Who says you can’t?

“Wanted: Experienced male window-dresser.

20+, full clean driving licence. Must be prepared to travel.”

Back in the days when one could advertise for precisely the staff member you wanted without the risk of appearing politically incorrect, that was the advert that caught my eye. To be fair, at just 16, with examination results still months away and no possibility of staying in education, I was looking at anything and everything, applying for jobs as varied as dental nurse and milkmaid. In spite of the expectations a Grammar School education might have raised, the family couldn’t afford for me to stay on at school. I needed a job. Any job. Even then, I was aware that probabilities were a numbers game; the more I applied for, the more chance I had of getting at least as far as an interview.

By this time, I had only a couple of months left at school… and so did everyone else leaving that year. I needed to get in early. Even so, “I can’t apply for that…what a pity.” “Why not?” Asked my mother. “You won’t get it, but you can always apply.” I wrote the letter, in spite of the fact I was an inexperienced female, far too young, who had never travelled and who would be ineligible for a driving licence for another two years. It couldn’t hurt. The letter was posted, along with the daily sheaf of others and promptly forgotten about. Until they called me in for interview.

I can even remember the brown, birds-eye tweed suit that I wore… nicely tailored but smelling of wet dog whenever it rained. I took a seat in the reception area with half a dozen professional and arty young men and felt ridiculous. They exchanged experiences, talking about their training and previous positions. I’d worked in a butcher’s after school since I was twelve. I shouldn’t have come.

I was the last to be shown to the office of the owner of the business. I’d done my research as best I could in those pre-internet days. He and his brother had started on the market stalls a couple of decades before and now owned several chains of menswear stores across the north and drove a Rolls Royce apiece. I felt very small and out of place as he faced me across the big desk and folded his hands. He looked at me in silence for a while. Me, the little brown mouse who wouldn’t say boo to the proverbial goose… I shrank inside, wishing fervently that I hadn’t been this stupid.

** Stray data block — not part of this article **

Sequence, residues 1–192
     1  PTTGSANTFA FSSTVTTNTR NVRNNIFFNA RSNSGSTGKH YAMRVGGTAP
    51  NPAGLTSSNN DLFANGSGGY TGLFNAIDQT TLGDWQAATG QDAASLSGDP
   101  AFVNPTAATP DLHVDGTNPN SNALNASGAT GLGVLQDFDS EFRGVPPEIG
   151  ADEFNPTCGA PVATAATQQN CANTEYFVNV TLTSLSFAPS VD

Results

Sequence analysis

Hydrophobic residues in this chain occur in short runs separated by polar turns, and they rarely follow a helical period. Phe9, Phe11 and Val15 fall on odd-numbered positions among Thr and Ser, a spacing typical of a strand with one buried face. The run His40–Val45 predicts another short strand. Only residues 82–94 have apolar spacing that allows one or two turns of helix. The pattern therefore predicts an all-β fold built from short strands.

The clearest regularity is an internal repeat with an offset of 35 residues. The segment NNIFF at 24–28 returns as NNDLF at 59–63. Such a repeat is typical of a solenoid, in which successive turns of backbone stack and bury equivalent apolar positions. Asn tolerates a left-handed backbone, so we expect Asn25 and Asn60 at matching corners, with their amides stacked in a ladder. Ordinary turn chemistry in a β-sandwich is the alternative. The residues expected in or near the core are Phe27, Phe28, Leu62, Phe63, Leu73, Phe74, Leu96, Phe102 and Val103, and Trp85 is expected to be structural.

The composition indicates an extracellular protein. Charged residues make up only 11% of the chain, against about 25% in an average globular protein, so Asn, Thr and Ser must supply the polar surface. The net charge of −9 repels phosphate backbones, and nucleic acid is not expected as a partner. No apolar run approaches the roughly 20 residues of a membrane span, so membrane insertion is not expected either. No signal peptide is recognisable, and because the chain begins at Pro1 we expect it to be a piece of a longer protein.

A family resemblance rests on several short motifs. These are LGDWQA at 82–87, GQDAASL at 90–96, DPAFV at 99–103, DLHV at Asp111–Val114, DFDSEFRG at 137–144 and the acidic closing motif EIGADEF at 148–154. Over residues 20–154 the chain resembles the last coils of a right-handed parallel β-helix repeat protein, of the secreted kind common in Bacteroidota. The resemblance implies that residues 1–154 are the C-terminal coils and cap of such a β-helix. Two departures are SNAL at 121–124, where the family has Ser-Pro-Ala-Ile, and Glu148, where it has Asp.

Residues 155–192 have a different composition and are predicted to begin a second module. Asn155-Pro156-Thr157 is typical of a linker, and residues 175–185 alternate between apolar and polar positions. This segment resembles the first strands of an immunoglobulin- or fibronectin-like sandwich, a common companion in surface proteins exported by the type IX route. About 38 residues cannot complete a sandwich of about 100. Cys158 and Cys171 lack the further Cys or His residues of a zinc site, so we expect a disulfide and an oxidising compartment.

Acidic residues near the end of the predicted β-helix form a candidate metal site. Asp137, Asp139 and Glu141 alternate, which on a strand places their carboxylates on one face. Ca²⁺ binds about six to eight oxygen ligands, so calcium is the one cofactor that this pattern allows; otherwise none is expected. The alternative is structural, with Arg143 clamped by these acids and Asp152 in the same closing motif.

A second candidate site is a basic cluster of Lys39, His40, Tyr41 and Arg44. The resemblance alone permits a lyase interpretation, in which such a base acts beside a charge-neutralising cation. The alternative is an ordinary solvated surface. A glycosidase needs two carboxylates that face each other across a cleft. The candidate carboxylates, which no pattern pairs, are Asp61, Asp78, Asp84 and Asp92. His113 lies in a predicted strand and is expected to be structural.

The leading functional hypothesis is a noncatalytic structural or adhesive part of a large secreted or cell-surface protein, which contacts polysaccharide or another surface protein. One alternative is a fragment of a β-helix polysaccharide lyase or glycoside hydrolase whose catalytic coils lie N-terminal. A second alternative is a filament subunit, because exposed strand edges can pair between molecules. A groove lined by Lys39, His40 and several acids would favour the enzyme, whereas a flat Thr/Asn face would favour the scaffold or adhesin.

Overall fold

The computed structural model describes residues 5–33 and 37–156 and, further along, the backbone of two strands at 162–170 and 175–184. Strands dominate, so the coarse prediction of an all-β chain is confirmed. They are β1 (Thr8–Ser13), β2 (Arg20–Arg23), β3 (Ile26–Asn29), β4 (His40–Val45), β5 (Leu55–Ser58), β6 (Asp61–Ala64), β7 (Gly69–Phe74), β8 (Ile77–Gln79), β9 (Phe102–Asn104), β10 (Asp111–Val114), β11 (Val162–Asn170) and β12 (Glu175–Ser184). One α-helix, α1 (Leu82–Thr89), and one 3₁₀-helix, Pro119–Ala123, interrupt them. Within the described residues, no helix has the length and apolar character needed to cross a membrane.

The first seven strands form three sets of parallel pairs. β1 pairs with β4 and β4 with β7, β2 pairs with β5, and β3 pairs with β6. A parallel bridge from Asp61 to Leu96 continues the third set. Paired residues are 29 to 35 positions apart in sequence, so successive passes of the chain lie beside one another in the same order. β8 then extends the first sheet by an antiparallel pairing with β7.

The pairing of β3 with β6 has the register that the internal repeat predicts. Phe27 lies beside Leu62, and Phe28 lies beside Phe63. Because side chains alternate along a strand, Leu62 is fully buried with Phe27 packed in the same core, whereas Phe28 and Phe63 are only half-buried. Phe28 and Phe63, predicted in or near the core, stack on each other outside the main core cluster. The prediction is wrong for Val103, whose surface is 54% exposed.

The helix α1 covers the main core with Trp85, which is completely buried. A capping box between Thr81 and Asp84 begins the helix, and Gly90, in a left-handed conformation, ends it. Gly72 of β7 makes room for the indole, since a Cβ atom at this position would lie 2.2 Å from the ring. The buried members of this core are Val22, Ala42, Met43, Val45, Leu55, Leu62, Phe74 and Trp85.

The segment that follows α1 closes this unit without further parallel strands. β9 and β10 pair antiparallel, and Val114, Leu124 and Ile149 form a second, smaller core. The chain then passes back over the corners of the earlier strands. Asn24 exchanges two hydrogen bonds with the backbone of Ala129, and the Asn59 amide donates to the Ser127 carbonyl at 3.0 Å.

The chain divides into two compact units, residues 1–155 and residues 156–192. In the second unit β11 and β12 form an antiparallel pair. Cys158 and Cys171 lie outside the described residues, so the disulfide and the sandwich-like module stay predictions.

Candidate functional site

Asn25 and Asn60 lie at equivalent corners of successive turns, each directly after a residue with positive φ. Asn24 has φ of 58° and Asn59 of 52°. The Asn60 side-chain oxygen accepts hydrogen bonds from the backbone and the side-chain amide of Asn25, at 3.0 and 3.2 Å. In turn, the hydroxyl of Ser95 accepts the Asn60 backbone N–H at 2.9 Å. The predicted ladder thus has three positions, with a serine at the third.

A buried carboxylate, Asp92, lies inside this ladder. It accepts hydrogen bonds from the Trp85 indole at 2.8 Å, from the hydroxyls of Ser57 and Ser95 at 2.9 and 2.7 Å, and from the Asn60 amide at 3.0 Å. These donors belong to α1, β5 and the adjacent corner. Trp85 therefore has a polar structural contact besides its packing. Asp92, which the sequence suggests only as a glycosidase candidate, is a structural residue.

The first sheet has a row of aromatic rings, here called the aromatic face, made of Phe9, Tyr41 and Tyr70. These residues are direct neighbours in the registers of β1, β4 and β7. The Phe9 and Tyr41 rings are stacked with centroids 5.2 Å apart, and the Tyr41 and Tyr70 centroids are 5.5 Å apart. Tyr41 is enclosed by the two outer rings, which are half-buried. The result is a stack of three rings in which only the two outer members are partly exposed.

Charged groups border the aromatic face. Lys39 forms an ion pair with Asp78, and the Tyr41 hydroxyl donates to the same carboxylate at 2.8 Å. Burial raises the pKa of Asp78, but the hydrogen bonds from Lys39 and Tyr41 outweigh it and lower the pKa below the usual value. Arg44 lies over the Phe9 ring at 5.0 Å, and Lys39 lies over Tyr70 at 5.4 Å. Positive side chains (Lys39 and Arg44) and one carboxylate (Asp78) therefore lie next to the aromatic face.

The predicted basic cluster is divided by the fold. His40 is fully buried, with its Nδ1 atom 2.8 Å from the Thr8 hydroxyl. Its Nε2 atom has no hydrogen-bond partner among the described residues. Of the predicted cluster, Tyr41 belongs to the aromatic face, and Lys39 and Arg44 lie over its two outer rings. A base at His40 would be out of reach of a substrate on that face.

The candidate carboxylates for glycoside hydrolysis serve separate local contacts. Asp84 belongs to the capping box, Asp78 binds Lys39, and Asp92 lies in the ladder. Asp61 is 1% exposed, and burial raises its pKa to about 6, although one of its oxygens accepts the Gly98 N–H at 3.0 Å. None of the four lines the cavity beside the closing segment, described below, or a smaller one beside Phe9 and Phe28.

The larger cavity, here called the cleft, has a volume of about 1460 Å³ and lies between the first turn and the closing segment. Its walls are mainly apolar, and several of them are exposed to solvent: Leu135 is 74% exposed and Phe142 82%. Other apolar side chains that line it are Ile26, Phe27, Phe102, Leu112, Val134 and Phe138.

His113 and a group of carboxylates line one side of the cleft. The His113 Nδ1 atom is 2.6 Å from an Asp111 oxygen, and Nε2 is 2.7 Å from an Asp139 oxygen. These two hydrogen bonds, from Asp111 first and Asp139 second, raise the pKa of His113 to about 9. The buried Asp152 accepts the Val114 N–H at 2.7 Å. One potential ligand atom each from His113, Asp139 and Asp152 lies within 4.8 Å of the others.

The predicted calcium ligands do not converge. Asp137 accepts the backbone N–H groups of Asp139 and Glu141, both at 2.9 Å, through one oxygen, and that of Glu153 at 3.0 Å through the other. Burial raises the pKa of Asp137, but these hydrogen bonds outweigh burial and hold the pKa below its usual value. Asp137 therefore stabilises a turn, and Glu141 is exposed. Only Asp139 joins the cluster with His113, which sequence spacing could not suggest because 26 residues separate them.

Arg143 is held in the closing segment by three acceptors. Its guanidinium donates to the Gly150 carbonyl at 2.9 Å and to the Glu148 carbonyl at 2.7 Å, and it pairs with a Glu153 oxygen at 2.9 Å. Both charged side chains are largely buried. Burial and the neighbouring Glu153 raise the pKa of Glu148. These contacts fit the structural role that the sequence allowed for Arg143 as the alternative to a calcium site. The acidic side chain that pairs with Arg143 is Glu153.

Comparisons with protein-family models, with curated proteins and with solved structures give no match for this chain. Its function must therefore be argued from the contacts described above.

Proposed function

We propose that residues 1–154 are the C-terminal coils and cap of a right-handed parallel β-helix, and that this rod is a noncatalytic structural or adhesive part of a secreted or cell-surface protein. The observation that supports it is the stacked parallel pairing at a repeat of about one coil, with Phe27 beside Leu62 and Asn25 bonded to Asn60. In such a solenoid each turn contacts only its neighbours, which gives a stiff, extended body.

He read the advert out loud, pausing to look at me with raised brows with every requirement I failed to meet. Which was all of them. He smoothed the sheet of paper and pinned me with his eyes. “What have you got to say for yourself? Why should I hire you?”

I will never know where it came from or why… neither confidence nor arrogance were any part of the timid creature in tweed. To call me a mouse was unfair… mice have a certain amount of audacity.

I held out my hand… “Give me a pen and paper and I’ll show you.”

I spent the rest of the interview answering a barrage of questions and piling up sketch after sketch of fashion designs. He looked at the last one as I placed it on the pile. “I can’t offer you the job, I’m afraid.” It was no surprise really. Only getting an interview at all had been a surprise. I stood to leave. “But I’ll create one for you…”